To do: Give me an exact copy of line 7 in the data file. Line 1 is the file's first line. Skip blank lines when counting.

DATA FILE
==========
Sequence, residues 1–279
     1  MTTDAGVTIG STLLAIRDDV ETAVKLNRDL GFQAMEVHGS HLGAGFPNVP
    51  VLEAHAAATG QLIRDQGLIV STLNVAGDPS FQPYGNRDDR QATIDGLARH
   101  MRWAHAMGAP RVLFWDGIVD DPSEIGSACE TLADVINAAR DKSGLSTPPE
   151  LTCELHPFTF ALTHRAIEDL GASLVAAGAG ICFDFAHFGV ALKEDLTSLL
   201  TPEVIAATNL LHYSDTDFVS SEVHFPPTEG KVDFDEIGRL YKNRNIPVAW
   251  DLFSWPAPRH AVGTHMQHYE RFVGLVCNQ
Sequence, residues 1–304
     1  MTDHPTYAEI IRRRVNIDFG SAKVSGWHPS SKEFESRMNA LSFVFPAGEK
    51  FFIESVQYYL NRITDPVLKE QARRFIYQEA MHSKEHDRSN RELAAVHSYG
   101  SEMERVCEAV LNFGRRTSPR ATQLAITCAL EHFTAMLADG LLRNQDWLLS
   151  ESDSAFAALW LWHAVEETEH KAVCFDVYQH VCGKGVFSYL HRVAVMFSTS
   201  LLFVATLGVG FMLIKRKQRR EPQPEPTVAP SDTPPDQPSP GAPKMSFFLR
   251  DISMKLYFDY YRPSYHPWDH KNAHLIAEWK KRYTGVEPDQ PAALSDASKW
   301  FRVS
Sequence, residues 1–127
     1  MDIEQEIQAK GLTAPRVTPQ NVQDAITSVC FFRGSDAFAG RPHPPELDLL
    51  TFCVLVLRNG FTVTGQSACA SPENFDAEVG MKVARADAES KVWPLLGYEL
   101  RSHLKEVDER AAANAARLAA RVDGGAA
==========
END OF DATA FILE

   251  DLFSWPAPRH AVGTHMQHYE RFVGLVCNQ